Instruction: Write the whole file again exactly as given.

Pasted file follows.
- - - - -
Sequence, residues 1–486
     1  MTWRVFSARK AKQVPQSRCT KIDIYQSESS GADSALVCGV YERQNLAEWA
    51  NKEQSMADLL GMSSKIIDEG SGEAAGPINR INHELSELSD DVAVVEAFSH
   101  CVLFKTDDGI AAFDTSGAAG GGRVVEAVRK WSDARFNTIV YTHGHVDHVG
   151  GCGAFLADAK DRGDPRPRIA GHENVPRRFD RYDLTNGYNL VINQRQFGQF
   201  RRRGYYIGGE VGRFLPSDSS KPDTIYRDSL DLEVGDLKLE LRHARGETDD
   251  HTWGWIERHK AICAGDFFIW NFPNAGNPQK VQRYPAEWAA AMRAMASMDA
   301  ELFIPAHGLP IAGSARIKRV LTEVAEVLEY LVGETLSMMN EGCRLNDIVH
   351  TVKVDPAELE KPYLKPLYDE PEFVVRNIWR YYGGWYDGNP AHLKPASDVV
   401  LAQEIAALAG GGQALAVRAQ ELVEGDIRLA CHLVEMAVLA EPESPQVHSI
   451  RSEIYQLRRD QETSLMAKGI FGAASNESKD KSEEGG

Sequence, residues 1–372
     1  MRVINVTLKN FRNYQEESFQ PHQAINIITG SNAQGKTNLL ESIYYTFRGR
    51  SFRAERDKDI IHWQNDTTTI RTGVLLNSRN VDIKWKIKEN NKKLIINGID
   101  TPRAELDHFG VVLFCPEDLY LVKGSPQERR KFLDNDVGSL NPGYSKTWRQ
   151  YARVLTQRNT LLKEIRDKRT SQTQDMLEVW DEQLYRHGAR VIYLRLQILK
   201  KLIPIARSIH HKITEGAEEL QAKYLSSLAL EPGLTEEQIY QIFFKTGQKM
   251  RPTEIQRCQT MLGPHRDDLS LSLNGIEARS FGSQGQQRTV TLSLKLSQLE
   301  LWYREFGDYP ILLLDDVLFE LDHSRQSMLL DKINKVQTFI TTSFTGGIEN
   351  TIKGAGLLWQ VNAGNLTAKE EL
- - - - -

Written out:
Sequence, residues 1–486
     1  MTWRVFSARK AKQVPQSRCT KIDIYQSESS GADSALVCGV YERQNLAEWA
    51  NKEQSMADLL GMSSKIIDEG SGEAAGPINR INHELSELSD DVAVVEAFSH
   101  CVLFKTDDGI AAFDTSGAAG GGRVVEAVRK WSDARFNTIV YTHGHVDHVG
   151  GCGAFLADAK DRGDPRPRIA GHENVPRRFD RYDLTNGYNL VINQRQFGQF
   201  RRRGYYIGGE VGRFLPSDSS KPDTIYRDSL DLEVGDLKLE LRHARGETDD
   251  HTWGWIERHK AICAGDFFIW NFPNAGNPQK VQRYPAEWAA AMRAMASMDA
   301  ELFIPAHGLP IAGSARIKRV LTEVAEVLEY LVGETLSMMN EGCRLNDIVH
   351  TVKVDPAELE KPYLKPLYDE PEFVVRNIWR YYGGWYDGNP AHLKPASDVV
   401  LAQEIAALAG GGQALAVRAQ ELVEGDIRLA CHLVEMAVLA EPESPQVHSI
   451  RSEIYQLRRD QETSLMAKGI FGAASNESKD KSEEGG

Sequence, residues 1–372
     1  MRVINVTLKN FRNYQEESFQ PHQAINIITG SNAQGKTNLL ESIYYTFRGR
    51  SFRAERDKDI IHWQNDTTTI RTGVLLNSRN VDIKWKIKEN NKKLIINGID
   101  TPRAELDHFG VVLFCPEDLY LVKGSPQERR KFLDNDVGSL NPGYSKTWRQ
   151  YARVLTQRNT LLKEIRDKRT SQTQDMLEVW DEQLYRHGAR VIYLRLQILK
   201  KLIPIARSIH HKITEGAEEL QAKYLSSLAL EPGLTEEQIY QIFFKTGQKM
   251  RPTEIQRCQT MLGPHRDDLS LSLNGIEARS FGSQGQQRTV TLSLKLSQLE
   301  LWYREFGDYP ILLLDDVLFE LDHSRQSMLL DKINKVQTFI TTSFTGGIEN
   351  TIKGAGLLWQ VNAGNLTAKE EL